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Bill Would Protect California Reporters’ Phone Records

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California State Capitol in Sacramento (Justin Sullivan/Getty Images)

California State Capitol in Sacramento (Justin Sullivan/Getty Images)

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SACRAMENTO (CBS / AP) — State agencies would be required to give journalists five days’ notice before they issue subpoenas to a third-party company for telephone records under legislation announced Thursday by a state senator.

Democratic state Sen. Ted Lieu, of Torrance, said he would seek the measure to give greater protection for newsgathering operations.

He acted after it was disclosed that the U.S. Department of Justice had retrieved the logs from 20 business and personal telephone lines of journalists employed by The Associated Press. Lieu and other critics said the threat of such surveillance impedes journalists’ ability to report the news, including their ability to gather information from government sources.

“It’s my belief that our constitutional democracy relies on freedom of the press,” Lieu said. “It’s the press that keeps government honest, and we chill freedom of the press at our peril.”

California has a strong shield law for journalists, which already requires that law enforcement agencies give five days’ notice to news organizations for subpoenas served on the newsgathering organization or the reporter. However, Lieu said the Justice Department probe shows that investigators can bypass the shield law by secretly subpoenaing third-parties — including Internet, telephone or communications companies — for journalists’ personal and work-related information.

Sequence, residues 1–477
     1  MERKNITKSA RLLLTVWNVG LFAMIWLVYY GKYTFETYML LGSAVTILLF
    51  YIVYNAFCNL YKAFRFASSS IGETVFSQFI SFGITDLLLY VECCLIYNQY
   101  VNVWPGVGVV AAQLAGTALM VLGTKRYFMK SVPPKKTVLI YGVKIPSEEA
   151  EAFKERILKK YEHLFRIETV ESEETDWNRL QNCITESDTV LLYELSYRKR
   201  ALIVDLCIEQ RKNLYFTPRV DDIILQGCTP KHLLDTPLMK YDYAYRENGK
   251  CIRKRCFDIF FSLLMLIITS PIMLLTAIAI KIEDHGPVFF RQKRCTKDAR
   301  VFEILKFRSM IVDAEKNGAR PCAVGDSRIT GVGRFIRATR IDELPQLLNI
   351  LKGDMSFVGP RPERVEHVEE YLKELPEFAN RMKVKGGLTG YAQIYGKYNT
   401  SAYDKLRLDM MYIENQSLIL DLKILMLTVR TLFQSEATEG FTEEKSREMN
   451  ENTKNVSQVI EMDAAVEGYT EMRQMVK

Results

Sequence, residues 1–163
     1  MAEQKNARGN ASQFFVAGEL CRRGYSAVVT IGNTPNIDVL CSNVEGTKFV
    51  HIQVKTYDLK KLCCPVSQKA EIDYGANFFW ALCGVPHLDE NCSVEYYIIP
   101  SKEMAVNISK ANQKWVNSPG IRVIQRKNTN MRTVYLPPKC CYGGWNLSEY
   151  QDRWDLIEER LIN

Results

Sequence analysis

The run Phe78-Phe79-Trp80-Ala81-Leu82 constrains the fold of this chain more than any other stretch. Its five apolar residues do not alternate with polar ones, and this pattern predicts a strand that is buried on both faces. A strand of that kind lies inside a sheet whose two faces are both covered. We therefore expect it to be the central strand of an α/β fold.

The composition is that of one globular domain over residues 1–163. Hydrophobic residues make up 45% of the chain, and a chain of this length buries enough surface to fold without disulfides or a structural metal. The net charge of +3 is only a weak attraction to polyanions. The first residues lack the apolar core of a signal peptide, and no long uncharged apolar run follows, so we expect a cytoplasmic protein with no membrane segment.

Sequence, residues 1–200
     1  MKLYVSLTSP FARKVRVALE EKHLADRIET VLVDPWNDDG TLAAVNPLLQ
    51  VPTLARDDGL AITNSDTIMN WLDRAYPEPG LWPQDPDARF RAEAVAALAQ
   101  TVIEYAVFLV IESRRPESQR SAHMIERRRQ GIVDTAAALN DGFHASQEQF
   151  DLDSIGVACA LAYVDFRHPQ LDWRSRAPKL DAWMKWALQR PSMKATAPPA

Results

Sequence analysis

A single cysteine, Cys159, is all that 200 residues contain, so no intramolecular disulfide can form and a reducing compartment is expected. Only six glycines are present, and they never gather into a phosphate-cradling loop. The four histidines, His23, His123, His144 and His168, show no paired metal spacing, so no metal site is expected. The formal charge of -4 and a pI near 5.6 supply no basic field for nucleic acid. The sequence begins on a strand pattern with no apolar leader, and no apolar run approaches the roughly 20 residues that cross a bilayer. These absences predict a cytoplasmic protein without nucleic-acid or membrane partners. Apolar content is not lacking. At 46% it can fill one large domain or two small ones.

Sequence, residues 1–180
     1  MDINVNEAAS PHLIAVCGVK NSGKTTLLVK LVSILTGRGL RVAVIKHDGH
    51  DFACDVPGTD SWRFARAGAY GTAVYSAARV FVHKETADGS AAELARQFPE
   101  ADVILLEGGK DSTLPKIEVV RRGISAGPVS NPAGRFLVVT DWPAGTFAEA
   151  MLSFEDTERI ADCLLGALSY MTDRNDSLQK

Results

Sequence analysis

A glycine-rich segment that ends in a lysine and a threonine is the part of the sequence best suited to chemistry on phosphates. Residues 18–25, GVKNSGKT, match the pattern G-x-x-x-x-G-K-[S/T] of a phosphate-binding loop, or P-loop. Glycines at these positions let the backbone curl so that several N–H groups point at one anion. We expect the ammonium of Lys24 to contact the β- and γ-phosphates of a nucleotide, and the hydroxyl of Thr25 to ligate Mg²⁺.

“That exposes a glaring loophole in the shield law,” Lieu said.

His measure would be unlikely to stop federal agencies, which could still seek the records through federal courts. However, Lieu noted that there are two proposals in Congress to provide greater protections for journalists.

Adding the early warning requirement to California’s shield law would give journalists time to fight the subpoenas in court.

“It gives the newsgathering organization an opportunity to go before a neutral arbiter and have the law enforcement agency identify the compelling interest, and to ensure that the application for the subpoena is as narrow as possible,” said Jim Ewert, general counsel of the California Newspaper Publishers Association. “The advantage would be to prevent someone from circumventing the shield law in California in much the same way the Justice Department did with AP, by going to a third party.”

The association is sponsoring Lieu’s proposal.

Lieu plans to amend an existing unrelated bill, SB558, to include his proposed notice requirement. SB558 passed the Senate and is awaiting consideration in the Assembly.

U.S. Justice Department spokesman Dean Boyd said his agency would not comment on pending legislation.

(Copyright 2013 by CBS San Francisco. All Rights Reserved. This material may not be published, broadcast, rewritten, or redistributed.)

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